Observing the evolution of the Internet of Things (IoT) becomes apparent that the Internet radically extends its usability from the traditional access points, such as computers and mobile phones, to a plethora of smaller, independent devices affecting users’ daily life experience and augmenting their dependence to data processing.
An ever-increasing network of devices communicate with each other over the Internet, allowing for remote monitoring and control offering users conveniences in a big range of cases. For example, the so-called smart home is based on hubs that control smart devices and appliances such as lighting, heating, media and security systems. IoT finds even more applications in helping with users’ health progress, or even assisting them with possible disabilities. From smart watches tracking fitness, measuring blood pressure and analyzing sleep patterns, to devices detecting falls and seizures offering immediate emergency response, smart devices already ameliorate the quality of life of millions of users worldwide.
But this convenience comes in the expense of data exchange over the Internet. How secure are smart devices and to what sort of danger can IoT expose users? The dependence on data processing and exchange through the Internet makes users vulnerable to security breaches and data mishandling. It is not hard imagining the consequences on users’ safety of someone being able to gain control of home devices including security systems, or the implications on user’s privacy of someone accessing personal information such as health issues or disabilities over the internet. As technology becomes even more attached to our daily life offering personalized services to every single one of us particularly, the data exchanged through the internet become even more valuable.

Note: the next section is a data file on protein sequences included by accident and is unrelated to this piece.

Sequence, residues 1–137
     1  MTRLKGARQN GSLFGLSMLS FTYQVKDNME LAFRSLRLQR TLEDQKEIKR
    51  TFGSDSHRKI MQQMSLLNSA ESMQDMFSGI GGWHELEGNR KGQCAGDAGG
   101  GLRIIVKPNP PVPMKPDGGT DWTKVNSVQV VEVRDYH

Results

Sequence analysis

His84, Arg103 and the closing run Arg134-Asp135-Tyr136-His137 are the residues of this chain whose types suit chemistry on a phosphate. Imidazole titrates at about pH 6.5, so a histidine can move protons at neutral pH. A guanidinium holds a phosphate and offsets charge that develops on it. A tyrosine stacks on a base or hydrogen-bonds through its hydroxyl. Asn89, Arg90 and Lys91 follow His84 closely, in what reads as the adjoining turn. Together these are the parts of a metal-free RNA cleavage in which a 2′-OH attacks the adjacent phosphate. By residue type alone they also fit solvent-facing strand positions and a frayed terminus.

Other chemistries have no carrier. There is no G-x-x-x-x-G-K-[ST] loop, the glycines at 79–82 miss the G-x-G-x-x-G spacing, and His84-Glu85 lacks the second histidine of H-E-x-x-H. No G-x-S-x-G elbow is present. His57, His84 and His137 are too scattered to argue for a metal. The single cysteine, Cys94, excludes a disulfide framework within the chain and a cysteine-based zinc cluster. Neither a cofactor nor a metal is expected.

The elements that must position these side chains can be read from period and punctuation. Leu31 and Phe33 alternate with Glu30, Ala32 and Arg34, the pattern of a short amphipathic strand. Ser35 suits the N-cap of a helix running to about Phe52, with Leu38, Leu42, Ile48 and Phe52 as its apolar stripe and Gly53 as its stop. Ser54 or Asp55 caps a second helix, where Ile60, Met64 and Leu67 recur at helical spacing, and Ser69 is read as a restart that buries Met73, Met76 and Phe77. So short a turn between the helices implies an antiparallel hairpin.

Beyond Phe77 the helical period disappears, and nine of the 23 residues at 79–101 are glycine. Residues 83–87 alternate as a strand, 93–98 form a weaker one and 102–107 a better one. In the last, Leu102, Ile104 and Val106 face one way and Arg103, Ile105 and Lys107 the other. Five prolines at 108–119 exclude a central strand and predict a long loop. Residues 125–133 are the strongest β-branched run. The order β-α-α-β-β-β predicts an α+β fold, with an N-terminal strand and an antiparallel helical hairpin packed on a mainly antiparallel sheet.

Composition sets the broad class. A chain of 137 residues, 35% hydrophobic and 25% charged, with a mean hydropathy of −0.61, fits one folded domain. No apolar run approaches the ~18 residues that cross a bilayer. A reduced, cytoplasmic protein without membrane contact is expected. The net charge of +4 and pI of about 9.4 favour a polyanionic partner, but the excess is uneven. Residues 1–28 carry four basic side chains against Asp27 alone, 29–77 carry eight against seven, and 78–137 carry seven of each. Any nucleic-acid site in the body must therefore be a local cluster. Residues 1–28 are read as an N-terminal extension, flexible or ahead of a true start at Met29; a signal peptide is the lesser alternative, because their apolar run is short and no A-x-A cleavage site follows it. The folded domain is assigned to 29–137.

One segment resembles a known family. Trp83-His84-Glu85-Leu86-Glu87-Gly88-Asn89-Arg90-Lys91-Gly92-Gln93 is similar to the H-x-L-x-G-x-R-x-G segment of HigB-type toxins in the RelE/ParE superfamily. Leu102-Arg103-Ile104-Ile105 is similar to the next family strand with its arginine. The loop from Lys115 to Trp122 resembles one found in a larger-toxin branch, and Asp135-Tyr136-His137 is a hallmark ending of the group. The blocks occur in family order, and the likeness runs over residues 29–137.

Can we trust IoT?
Smart device manufacturers are not always keen on establishing maximum data protection on their devices, and even when they do they might be interested in acquiring information for themselves taking advantage of the data transferred through the devices they produce. On the other side, many users assume that their devices are set by default to protect their personal data when, instead, they should take sufficient time configuring their smart device environment in terms of security and privacy.
Horizon 2020’s GHOST Project, is set to increase user confidence safe-guarding home and health IoT environments with personalized real-time risk control. This is achieved through a smart home network gateway supporting a wide range of wired and wireless technologies providing user-centric cybersecurity.
Besides the comprehensiveness of the solution provided by the initiative, smart home security relies heavily on user awareness. Cybersecurity is a multifactorial system that requires more than a single approach to be addressed. The GHOST solution provides the technology needed to address the challenge and the Intelligence required to create a personalized user-centric ecosystem able to be applied to a wide variety of situations but it is not able to enforce cybersecurity by itself without an engaged audience.
GHOST network gateway provides easy-to-find settings, clear feedback, understandable language and explanation of user choice consequences making the configuration process user-friendly and informative, becoming a groundbreaking tool in the hands of a concerned user.
But are all users engaged? The lack of customer awareness of IoT security and privacy consequences could prove to be a crucial parameter in users’ security and GHOST device’s successful channeling, increasing the need for targeted communication of safety and privacy implications linked to smart devices’ personal data handling. Investing in users’ awareness is the only way to ensure widespread adoption and unobstructed implementation of smart devices’ technology. Addressing the challenges this new technology brings along, will pave the way for the enrichment of users’ daily life through IoT in a data-secure environment.